Parental Alienation and Family Violence in Context of Shared Parenting in Croatia

Session : Workshop 4-1: Interventions II

  • Time : 11:30 am PDT To 1:30 pm PDT on
  • Venue : Parental Alienation and Family Violence in Context of Shared Parenting in Croatia

Full Abstract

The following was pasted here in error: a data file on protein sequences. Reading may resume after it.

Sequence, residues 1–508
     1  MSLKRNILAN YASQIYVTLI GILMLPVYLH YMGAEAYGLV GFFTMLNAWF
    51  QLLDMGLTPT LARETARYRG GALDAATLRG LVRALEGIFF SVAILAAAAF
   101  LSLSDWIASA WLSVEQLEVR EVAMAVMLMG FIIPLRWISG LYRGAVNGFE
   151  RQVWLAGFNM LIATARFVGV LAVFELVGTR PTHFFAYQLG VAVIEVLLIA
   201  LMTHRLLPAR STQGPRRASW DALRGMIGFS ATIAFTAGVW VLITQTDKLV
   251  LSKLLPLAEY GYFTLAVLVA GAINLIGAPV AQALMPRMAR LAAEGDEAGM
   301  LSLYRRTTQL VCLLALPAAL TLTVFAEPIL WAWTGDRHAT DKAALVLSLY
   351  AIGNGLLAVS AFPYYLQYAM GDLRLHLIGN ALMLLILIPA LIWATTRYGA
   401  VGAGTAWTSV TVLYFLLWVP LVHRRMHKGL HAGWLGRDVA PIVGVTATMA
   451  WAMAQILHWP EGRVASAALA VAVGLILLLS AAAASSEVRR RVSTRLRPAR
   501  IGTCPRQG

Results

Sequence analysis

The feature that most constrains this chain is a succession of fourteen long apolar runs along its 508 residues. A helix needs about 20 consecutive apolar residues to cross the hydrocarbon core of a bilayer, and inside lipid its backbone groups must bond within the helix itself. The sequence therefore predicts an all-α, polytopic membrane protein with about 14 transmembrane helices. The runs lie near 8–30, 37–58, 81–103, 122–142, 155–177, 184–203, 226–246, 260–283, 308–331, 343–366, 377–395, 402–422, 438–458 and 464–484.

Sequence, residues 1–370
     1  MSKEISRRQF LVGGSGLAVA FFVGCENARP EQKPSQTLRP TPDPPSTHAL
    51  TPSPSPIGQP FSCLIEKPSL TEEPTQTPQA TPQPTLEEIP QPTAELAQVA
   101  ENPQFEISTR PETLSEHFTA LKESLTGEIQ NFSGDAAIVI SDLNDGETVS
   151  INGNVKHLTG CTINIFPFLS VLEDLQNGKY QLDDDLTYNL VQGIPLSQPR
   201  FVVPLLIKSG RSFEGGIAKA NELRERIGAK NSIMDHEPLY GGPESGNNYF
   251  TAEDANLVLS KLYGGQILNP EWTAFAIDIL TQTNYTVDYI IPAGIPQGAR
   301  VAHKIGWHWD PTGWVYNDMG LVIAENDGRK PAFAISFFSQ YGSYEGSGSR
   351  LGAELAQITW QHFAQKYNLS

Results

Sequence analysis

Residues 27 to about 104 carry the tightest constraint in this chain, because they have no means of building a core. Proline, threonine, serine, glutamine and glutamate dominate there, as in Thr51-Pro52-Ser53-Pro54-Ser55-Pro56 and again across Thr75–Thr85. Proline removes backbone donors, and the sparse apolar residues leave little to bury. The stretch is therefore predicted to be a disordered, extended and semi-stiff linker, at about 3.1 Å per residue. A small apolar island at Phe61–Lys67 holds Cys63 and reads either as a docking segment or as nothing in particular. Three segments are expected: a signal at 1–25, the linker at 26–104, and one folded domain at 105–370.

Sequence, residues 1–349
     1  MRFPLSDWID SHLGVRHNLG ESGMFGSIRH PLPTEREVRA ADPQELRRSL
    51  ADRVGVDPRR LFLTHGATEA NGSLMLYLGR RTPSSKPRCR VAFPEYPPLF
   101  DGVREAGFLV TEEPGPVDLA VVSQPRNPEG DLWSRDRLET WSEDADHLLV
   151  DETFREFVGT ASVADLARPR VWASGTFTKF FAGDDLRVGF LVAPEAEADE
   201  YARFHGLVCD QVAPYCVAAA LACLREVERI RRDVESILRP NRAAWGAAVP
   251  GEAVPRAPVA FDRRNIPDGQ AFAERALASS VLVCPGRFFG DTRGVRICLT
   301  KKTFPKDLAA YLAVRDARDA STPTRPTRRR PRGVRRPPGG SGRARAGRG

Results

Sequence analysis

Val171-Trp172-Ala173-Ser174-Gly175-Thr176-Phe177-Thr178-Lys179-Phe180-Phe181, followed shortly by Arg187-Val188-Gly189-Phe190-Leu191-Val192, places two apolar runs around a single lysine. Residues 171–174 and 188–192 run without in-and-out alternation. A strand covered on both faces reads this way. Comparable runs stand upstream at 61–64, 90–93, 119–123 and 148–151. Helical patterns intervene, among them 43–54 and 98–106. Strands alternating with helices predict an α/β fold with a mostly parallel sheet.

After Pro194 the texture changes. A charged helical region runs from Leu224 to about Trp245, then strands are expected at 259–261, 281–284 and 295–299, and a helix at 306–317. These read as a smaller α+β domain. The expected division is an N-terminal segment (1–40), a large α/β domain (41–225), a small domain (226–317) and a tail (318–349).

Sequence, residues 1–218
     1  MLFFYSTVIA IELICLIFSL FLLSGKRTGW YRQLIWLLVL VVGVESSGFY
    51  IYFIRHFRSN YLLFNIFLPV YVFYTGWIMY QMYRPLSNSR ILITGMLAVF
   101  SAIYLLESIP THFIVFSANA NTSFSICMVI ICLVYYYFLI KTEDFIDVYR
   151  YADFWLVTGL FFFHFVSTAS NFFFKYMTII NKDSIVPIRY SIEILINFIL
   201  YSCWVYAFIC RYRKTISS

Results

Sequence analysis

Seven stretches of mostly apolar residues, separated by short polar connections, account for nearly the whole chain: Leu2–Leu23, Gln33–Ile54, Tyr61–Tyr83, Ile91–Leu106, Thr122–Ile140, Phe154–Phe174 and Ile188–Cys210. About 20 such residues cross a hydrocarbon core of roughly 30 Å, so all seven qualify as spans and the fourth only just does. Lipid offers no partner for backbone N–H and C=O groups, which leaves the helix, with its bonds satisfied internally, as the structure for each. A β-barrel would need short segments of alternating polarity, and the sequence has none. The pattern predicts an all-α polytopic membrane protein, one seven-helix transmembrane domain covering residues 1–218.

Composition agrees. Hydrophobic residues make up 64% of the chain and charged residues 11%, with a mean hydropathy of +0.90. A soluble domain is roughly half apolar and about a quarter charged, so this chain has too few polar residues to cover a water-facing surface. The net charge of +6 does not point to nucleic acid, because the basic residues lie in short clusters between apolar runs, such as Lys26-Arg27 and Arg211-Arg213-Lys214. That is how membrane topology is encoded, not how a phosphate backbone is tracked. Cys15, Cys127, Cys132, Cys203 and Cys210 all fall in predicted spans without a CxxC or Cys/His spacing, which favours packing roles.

Newer trends in family custody court processes in Croatia show a slight increase in shared legal and physical custody of children among separated parents, yet still the majority of children stay primariliy with their mothers. Shared residence for children is a relatively new phenomenon in Croatia, and as such has not been widely analyzed. Promoting shared residential custody is motivated by the best interest of the child, as well as its need of maintaining a close relationship and as much contact as possible with both parents after a divorce or a dissolution of a non-marital union. It is believed that shared custody and care of a child has a lot of benefits for children and very little downsides. Still, this is a largely unacknowledged and unpreferred practice in Croatian courts. In this context, we will explore the occurence of alienating behaviors of parents towards children in these circumstances. Parental alienation in general is a poorly acknowledged and researched form of family violence in Croatia. This article will describe specific elements of parental alienation as a form of abusive and aggressive behaviour, how it is manifested and what consequences it has on a child and family dynamics. Also, we will describe the continuum of alienating behaviors and how to distinguish them from other specific behaviors that can occur in high conflict divorces. In recent years Croatian family practitioners, clinicians, social workers and other experts working with disrupted families have gained more knowledge of these problematic behaviors. Considering that alienating behaviors usually occur in single-custodial situations, where one parent is in a position of power, it is believed that distribution of power evenly among both parents in a shared residential custody situation helps prevent occurrence of such behaviors. Hence, some experts and parent associations heavily promote the benefits of shared parenting. Finally, we will explore what options are there to raise more awareness of parental alienation as a form of family violence in Croatia, to educate practitioners working with families and therefore provide support for families facing this form of family violence.